Binge Eating Disorder – Diagnosis Criteria and Barriers Faced with Physicians, a Review of Kornstein et al., 2016

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Binge Eating Disorder (BED) was first introduced as a distinct eating disorder in the Diagnostic and Statistical Manual of Mental Disorders, Fifth Edition (DSM-5), yet remains under-diagnosed and under-treated.  BED is characterized by recurrent binge-eating episodes that occur during a discrete period of time, consist of the consumption of more food than is typical of most people under similar circumstances, and are associated with feelings of loss of control over eating and marked distress1. Even though BED is more prevalent than other eating disorders, treatment rates remain low, particularly among populations of color. Data from the World Health Organization World Mental Health Survey <40% of individuals with a lifetime diagnosis of BED have ever been treated for an eating disorder1.

Below are three things to overcome when examining BED in a clinical setting:

  1. Individuals with binge-eating disorder may exhibit medical and psychiatric comorbidities that can impair quality of life and functionality without adequate treatment1.

Individuals with BED are at an increased lifetime risk for developing type 2 diabetes and high blood pressure compared to individuals without eating disorders, with the risk of type 2 diabetes in individuals with BED being elevated in African Americans1. Psychiatric comorbidities are also associated with BED, with 30-80% of individuals who suffer from BED having lifetime comorbid mood or anxiety disorders. Other psychiatric comorbidities include gambling problems, bipolar disorder, substance use, and avoidant, obsessive-compulsive, and borderline personality disorders. If left untreated, these comorbidities can impair quality of life and functionality1.

  1. Overcoming primary care physician and patient-related barriers is critical to accurately diagnosing and appropriately treating binge-eating disorder1.

Primary care physicians (PCPs) may find diagnosing and treating BED challenging due to insufficient knowledge of its new diagnostic criteria and available treatment options. However, a majority of survey respondents reported seeing a general physician for binge-eating-related symptoms. Unfortunately, individuals with obesity and with BED may be told to focus on weight management rather than their binge-eating behaviors1. Furthermore, individuals with BED may be reluctant to seek treatment because of shame, embarrassment, and a lack of awareness of the disorder1.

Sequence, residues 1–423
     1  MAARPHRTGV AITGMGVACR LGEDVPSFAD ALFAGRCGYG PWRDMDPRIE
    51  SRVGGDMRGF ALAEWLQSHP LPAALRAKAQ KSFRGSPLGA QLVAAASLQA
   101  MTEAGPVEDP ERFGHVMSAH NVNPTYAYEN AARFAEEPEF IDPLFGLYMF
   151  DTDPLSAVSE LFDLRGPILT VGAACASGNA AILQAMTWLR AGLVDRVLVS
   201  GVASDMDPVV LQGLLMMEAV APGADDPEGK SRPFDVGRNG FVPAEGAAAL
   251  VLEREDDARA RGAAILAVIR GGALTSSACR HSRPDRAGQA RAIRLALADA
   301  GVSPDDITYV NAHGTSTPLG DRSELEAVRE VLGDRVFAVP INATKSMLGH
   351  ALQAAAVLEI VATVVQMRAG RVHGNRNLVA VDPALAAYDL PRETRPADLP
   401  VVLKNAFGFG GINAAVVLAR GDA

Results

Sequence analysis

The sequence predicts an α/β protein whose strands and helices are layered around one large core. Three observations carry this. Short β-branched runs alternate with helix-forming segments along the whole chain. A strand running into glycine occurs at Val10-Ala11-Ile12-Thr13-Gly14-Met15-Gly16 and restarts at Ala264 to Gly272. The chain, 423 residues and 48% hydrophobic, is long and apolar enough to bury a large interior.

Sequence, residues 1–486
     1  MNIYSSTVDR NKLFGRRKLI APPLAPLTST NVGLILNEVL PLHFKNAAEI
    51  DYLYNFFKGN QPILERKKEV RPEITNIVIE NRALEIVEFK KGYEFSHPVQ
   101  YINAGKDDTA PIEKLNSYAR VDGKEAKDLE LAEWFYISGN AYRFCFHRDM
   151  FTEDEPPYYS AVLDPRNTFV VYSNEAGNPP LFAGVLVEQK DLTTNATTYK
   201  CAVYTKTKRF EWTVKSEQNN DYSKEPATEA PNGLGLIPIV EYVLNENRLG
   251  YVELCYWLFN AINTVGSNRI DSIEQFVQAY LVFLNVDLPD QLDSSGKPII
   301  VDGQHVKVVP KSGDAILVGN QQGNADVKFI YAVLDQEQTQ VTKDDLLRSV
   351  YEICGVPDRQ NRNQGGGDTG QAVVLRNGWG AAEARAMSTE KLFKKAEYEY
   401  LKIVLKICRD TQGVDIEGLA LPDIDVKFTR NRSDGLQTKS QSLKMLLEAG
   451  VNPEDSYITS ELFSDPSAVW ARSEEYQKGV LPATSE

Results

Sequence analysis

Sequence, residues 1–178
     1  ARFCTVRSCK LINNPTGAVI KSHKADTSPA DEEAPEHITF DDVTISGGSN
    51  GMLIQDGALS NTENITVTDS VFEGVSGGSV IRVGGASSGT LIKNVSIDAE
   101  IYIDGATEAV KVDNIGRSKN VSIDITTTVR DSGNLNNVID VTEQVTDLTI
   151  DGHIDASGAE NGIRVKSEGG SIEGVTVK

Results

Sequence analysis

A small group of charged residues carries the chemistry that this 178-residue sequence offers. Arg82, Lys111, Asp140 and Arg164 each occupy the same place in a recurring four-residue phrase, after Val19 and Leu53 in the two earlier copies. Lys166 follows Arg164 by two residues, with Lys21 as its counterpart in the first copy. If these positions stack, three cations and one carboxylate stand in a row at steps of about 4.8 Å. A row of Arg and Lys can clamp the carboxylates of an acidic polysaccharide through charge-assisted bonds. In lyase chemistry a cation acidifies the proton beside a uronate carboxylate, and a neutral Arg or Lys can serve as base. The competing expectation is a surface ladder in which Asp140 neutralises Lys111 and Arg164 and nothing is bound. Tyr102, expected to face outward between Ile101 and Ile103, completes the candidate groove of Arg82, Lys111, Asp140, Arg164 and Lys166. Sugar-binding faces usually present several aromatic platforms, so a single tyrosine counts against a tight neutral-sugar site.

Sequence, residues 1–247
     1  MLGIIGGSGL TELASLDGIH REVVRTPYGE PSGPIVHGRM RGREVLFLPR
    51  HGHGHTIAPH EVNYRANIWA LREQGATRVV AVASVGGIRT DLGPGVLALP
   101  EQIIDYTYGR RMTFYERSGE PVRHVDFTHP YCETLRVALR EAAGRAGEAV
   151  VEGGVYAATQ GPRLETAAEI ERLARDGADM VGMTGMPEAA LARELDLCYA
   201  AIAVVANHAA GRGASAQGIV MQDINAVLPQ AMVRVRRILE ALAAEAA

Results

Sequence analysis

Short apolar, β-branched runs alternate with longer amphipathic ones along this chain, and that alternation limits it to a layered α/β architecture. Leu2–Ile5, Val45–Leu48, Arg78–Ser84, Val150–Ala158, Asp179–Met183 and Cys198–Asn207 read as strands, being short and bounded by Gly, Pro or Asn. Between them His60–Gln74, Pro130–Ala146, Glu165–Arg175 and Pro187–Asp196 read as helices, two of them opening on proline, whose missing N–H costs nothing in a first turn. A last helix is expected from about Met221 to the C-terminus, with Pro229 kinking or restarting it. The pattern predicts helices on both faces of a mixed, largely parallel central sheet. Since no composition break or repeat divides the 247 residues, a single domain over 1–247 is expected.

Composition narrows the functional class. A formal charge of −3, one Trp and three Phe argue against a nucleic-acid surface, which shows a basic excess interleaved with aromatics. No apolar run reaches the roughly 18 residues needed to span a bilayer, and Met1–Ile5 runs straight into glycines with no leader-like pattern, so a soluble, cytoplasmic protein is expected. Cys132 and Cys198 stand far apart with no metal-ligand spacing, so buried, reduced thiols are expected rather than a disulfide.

1. Primary care physicians should take an active role in the initial recognition and assessment of suspected binge-eating disorder, the initial treatment selection, and the long-term follow-up of patients who meet DSM-5 diagnostic criteria1.

PCPs should consider their patients’ clinical history and potential environmental stressors to determine if BED risk factors are present. It is recommended that PCP routinely ask about eating habits and monitor changes in body weight as a part of a complete patient history1. However, assessing weight and BMI is not sufficient to determine if a patient has BED, and physicians need to be careful when discussing weight with patients. As mentioned before, shame and guilt are frequently seen in individuals with BED, so a reluctance to discuss eating habits could be an indicator for BED1. Pharmacotherapy and psychotherapy should focus on reducing stressors that contribute to binge-eating behavior, thereby reducing further medical and psychiatric complications1.

In conclusion, overcoming primary care physician and patient-related barriers is critical to accurately diagnose and treat BED. Physicians should take an active role in the initial recognition and assessment of suspected BED, the initial treatment selection, and the long-term follow-up of patients with BED1. Recommended strategies include taking care to convey a nonjudgmental interest in helping the patient, communicating that eating disorders are of medical concern, and using motivational interviewing principles to establish agreed-upon goals are may be helpful to patients with BED1.

 

References:

  1. Kornstein, S. G., Kunovac, J. L., Herman, B. K., & Culpepper, L. (2016). Recognizing Binge-Eating Disorder in the Clinical Setting: A Review of the Literature. The Primary Care Companion for CNS Disorders, 18(3). doi: 10.4088/PCC.15r01905

 

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